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Translation theory training -- needed?
Thread poster: Rebecca Freed

Rebecca Freed  Identity Verified
Local time: 03:13
French to English
+ ...
Jan 26, 2002

I\'ve been looking around for a translation training program (in my current locale of Northern California) and don\'t see any reasonably close by -- or part time. I\'m wondering how valuable knowing theory is--or whether you can learn to do a good job of translation by just plunging into the practice.
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xxxJon Zuber
Spanish to English
+ ...
Translation theory and translation training are two different animals. Jan 26, 2002

Translation theory is a branch of literary theory and comparative literature, and has nothing to do with sitting down and earning a living as a translator. As for formal training, I would advise a few carefully selected courses —if that— rather than a full program. I think you\'ll conclude if you study the descriptions that a diploma or certification program will have you paying for more than you need. As for plunging right in, the key to that is good feedback. You need people who will criticize your work mercilessly at the outset, before you can get into bad habits.

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Patricia Lutteral  Identity Verified
Argentina
Local time: 09:13
English to Spanish
+ ...
Several threads on this issue Jan 27, 2002

If you check the forums you\'ll find interesting threads; unfortunately, we don\'t seem to get even close to an agreement!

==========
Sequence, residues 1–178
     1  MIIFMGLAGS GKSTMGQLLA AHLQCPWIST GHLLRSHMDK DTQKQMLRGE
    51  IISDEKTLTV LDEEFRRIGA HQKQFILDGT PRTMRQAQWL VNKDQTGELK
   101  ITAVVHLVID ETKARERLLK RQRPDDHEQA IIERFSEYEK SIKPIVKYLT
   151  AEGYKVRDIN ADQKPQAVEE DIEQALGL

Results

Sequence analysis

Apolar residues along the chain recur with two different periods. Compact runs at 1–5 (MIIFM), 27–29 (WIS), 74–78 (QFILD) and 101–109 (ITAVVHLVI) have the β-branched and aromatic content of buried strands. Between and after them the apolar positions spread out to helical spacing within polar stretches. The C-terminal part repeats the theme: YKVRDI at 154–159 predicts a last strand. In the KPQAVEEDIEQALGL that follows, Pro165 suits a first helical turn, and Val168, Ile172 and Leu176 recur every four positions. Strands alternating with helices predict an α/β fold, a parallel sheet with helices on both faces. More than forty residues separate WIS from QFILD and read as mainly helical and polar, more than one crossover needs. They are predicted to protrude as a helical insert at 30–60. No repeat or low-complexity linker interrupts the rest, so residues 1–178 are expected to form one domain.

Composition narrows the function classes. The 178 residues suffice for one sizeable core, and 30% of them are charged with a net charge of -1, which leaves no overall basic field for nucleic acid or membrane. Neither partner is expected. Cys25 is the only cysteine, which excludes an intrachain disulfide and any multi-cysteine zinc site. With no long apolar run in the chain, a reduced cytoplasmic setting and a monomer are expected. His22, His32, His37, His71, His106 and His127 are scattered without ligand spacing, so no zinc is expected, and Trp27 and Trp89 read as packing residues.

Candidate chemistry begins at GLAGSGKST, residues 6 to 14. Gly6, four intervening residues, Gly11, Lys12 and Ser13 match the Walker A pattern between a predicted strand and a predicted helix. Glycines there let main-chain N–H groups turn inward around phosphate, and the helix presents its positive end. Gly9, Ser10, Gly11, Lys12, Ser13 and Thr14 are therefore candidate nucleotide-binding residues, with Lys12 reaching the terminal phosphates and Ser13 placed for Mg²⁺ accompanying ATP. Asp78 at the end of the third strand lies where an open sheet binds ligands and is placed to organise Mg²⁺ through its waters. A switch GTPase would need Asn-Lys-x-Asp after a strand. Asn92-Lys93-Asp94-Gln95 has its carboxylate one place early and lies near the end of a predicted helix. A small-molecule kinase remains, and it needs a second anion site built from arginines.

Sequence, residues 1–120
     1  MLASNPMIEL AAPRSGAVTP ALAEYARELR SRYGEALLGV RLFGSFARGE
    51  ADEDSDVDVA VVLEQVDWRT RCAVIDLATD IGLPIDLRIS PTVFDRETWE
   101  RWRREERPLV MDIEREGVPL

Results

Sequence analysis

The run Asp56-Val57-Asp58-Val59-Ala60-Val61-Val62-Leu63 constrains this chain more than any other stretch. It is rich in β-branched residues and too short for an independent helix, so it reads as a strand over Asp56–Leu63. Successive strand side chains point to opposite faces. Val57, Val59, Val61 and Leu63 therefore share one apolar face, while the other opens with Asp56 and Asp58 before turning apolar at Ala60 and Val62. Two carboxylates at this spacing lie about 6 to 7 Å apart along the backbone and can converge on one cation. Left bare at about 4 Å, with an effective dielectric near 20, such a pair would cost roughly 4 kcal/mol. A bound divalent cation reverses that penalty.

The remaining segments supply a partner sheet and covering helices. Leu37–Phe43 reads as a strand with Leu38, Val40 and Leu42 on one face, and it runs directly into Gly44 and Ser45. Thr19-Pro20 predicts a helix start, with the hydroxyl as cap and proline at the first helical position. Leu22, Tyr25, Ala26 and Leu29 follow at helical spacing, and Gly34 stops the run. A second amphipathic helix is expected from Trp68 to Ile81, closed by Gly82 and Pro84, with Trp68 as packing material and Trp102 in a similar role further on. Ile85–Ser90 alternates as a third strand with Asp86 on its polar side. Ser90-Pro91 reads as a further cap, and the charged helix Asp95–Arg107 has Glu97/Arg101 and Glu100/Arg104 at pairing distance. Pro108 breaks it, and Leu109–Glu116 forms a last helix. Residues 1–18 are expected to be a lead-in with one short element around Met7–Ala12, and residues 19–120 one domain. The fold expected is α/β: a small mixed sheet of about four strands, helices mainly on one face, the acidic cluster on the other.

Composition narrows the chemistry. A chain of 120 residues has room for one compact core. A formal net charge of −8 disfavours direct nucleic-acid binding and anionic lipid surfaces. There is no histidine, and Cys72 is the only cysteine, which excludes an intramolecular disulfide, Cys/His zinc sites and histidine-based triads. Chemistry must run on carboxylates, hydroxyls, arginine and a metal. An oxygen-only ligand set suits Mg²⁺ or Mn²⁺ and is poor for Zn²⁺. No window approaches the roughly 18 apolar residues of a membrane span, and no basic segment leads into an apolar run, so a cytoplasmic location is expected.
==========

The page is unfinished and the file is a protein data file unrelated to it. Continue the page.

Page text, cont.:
Anyway, there is a lot of bibliography on Translation Theory. Maybe you can start reading a little before actually joining a training program.



Best regards,



Patricia




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xxxLia Fail  Identity Verified
Spain
Local time: 13:13
Spanish to English
+ ...
Yes.......... Jan 27, 2002

I think theory is important, it helps you become systematic, helps you resolve dilemmas on the basis of acquired theoretical knowledge, gives you confidence in your decisions, raises questions about \'right and wrong\' in translation, makes you aware of what is required by author, reader, etc, etc etc......Finally, it\'s fascinating if you\'re interested in translation.



I started off without theory, but having studied theory later has done me no end of good.


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Theodore Quester  Identity Verified
United States
Local time: 07:13
French to English
+ ...
How to improve as a translator Jan 27, 2002

I am starting to wonder, myself, how to improve as a translator. Most courses here in the U.S. (at least in my program) are more theory than practice, and as far as improving as I work, I have gotten comments so far on none of the translations I have done for agencies. (Except for one translation test.)



How can we improve as we work if we are not given feedback? Do better agencies give more feedback? How often do translators get to see the edited results of their translations?



Theodore Quester


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Rick Henry  Identity Verified